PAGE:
Now Samsung tries to make the curves on its phone screen useful with the edge panel. And for some, that is useful. Vivo hasn’t done anything with its software to take advantage of the steep curves. The FunTouch OS on the Nex 3 doesn’t have any edge panel or shortcut to make the phone any easier to use than its cheapest phone it sells in India. The only modifications done to the software is to make the phone understand the difference between accidental touches and deliberate taps, as well as highlight the edges with colours on the lockscreen.

So is the waterfall display completely useless? Not at all. Hold the Nex 3 in your hand and it feels like you are holding something futuristic. The screen melts to the sides with no visible bezels and that steals glances from onlookers. With no buttons, this phone looks feels like one continuous piece of glass on the front that fuses beautifully to the metallic frame and continues back to the glass glory at the back. The Vivo Nex 3 has a sex appeal that no other phone offers at the moment, not even the folding phones. If you love great designs, this is a phone you should possess.

Vivo’s first 5G phone is otherwise a practical Android flagship

With its curves, the Nex 3 pleases highly aesthetically. However, Vivo makes some interesting flagship phones and all the experience the company has gathered so far is accumulated in the Nex 3 to offer the best phone that has come out from the company.

In line with most of the late 2019 flagship phones, the Nex 3 comes with a Qualcomm Snapdragon 855 Plus chipset paired with up to 12GB RAM and 256GB storage. Vivo is using UFS 3.0 storage in the Nex 3, which seems obvious after its sister company OnePlus introduced the same on its flagship OnePlus 7 Pro this summer. The phone supports 5G connectivity as well which is something that I couldn’t put to use in India. But maybe within a few years time, this wouldn’t be a big deal. And as with all Vivo phones, there’s the good old FunTouch OS which is still based on Android 9 Pie.

Vivo Nex 3

As a premium Vivo smartphone, it offers a lot of features via its custom OS. And the OS is similar to what we have seen in conventional Vivo phones in India. Hence, if you don’t like FunTouch OS for the bloat and a messy interface, you won’t like the software here as well. I also tried to live with Vivo’s Jovi assistant but after a few tries, I resorted to the comforting arms of Google Assistant.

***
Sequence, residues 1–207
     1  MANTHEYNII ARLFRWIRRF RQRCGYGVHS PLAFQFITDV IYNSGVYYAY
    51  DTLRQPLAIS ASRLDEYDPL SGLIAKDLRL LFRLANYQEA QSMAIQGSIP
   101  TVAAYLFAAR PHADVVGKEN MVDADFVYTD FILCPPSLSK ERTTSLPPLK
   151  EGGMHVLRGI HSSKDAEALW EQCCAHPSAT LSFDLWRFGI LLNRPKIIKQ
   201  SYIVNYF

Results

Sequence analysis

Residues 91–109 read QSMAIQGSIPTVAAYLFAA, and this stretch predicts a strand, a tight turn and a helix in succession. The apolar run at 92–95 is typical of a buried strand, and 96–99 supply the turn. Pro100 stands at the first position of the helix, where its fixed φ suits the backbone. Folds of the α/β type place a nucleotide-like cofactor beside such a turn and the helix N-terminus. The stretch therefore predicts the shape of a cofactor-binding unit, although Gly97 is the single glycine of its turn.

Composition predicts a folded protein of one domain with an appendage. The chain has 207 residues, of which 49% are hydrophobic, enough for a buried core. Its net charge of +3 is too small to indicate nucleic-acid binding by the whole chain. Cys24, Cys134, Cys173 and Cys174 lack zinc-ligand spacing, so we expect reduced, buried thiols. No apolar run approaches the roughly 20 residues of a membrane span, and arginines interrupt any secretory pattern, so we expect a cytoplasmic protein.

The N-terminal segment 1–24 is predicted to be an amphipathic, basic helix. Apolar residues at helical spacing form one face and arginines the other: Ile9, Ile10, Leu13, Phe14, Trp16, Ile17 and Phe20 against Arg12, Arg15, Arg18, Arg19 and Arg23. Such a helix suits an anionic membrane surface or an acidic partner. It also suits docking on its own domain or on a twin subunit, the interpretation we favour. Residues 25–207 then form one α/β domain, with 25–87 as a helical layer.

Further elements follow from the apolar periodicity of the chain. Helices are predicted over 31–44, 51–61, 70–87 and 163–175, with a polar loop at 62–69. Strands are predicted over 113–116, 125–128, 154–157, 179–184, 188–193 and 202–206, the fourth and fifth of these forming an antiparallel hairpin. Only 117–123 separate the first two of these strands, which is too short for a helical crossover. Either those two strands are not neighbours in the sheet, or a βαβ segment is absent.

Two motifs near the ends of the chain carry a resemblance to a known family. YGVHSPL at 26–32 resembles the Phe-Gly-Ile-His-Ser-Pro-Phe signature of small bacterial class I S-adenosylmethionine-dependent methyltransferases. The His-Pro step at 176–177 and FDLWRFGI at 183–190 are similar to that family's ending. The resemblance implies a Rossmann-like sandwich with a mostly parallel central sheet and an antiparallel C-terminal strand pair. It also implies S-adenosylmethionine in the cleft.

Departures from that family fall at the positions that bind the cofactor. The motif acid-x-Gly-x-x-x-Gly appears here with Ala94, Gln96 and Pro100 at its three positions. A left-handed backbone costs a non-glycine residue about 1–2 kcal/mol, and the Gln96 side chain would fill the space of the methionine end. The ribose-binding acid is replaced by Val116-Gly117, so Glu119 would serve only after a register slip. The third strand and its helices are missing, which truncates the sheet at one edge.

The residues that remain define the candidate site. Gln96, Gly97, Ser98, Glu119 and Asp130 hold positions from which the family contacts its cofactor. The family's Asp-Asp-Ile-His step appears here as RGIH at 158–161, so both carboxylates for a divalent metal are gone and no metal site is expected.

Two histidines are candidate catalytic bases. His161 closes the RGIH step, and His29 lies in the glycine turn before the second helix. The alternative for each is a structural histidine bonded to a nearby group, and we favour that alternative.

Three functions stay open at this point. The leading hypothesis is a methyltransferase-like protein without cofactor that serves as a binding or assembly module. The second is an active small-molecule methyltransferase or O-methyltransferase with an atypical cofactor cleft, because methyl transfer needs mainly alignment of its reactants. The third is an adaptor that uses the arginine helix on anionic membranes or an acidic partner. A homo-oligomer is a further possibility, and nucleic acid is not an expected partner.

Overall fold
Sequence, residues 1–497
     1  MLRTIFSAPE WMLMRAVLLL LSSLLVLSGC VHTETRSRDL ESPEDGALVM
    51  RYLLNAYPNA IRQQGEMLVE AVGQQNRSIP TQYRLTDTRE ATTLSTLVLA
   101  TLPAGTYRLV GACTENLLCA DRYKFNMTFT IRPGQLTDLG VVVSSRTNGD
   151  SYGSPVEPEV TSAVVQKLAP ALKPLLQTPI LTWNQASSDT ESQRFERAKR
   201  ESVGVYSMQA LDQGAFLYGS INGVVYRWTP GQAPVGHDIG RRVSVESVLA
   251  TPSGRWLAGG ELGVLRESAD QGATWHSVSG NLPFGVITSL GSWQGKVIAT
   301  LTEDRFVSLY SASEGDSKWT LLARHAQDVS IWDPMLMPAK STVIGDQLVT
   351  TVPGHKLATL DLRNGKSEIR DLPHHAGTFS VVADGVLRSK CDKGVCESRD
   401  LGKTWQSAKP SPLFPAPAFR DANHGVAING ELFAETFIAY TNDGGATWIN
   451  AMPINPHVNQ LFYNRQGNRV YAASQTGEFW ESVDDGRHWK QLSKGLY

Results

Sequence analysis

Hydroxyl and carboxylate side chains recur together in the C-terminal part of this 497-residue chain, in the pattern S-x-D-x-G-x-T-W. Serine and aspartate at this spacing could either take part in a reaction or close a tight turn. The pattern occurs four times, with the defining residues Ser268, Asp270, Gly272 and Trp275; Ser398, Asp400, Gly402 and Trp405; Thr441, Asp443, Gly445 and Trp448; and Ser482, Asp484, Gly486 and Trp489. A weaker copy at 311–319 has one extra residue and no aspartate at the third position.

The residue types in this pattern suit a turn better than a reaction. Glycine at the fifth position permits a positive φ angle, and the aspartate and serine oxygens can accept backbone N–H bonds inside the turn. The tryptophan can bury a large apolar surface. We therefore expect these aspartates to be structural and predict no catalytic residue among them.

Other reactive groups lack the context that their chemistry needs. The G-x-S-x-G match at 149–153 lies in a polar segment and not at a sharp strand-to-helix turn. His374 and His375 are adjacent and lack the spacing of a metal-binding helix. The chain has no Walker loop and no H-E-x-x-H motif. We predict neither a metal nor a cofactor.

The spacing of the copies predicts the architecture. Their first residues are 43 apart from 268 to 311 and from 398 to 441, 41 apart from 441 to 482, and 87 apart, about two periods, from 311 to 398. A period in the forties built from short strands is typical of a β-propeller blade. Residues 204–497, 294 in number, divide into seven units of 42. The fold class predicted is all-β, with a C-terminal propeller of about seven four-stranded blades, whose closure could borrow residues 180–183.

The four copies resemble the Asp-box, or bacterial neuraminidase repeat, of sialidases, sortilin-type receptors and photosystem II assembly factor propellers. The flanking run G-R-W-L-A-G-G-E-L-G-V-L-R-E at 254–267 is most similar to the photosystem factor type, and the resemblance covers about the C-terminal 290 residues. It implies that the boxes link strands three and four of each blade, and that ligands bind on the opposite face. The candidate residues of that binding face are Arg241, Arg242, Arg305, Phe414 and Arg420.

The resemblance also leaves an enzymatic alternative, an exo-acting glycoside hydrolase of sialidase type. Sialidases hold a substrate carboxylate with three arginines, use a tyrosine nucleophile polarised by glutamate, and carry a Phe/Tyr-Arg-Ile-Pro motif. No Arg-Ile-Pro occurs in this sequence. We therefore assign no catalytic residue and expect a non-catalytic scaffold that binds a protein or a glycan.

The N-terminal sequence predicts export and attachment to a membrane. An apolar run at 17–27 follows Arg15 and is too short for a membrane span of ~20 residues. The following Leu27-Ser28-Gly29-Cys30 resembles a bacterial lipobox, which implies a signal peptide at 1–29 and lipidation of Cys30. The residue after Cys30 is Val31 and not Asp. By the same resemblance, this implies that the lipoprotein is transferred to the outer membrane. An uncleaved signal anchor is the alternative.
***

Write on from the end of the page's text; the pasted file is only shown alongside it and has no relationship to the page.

For the battery life, the 4500mAh battery offers almost a day’s backup but since I wasn’t using it as my primary phone, the real-world results may vary. The 44.5W fast charging system should fill up the battery faster than anything else but since my unit came with a Chinese adapter, I couldn’t test that as well.

And since it’s a Vivo phone, I can conclude without discussing the cameras. Vivo brings back the Lunar Ring design from the Nex Dual display which once again houses three cameras in a new triangular pattern. The main camera comprises of a 64-megapixel Samsung sensor along with a 13-megapixel wide-angle camera and a 13-megapixel telephoto camera. I played around with the cameras for a short period and in well-lit conditions, it delivered bright photos with vivid colours and high contrasts. The 64-megapixel camera is the same one used in the Realme XT and image quality seemed only slightly better in terms of details.

Vivo Nex 3

The front camera sits in a wide pop-up module and it relies on a 16-megapixel sensor, which is the same as the one you find on the OnePlus phones and few Oppo phones.

Vivo Nex 3 first impressions

When I first heard about the Vivo Nex 3 on the web, I was quite excited to see the new display technology and how it affects the general user experience. Now that I have seen and used it for a couple of days, my impressions haven’t changed much. The Vivo Nex 3 is an exciting looking phone with the gorgeous waterfall display, the stunning build quality and good cameras. However, the highlight, which is the steeply curved screen, seems more of a gimmick at the moment and there’s no application or feature that makes good use of it. The button-less design is impressive but it needs to be improved in terms of positioning and sensitivity.

However, the Nex 3 is an important landmark for Vivo. In the coming year, Vivo’s premium offerings will inherit this technology to appeal to users differently. And maybe by late next year, sister companies Oppo, Realme and OnePlus may come out phones that will feature this tech from the Nex 3. Maybe the next OnePlus flagship phone could offer the waterfall display with no buttons on the side and hopefully, OnePlus could make good use of the steeply curved edge.

While that’s for the future, the Nex 3 shows in the present that before we move to folding screens, the conventional form factor of the smartphone will try using more of the surface for the display — a point also made clear by Xiaomi’s Mi Mix Alpha concept device.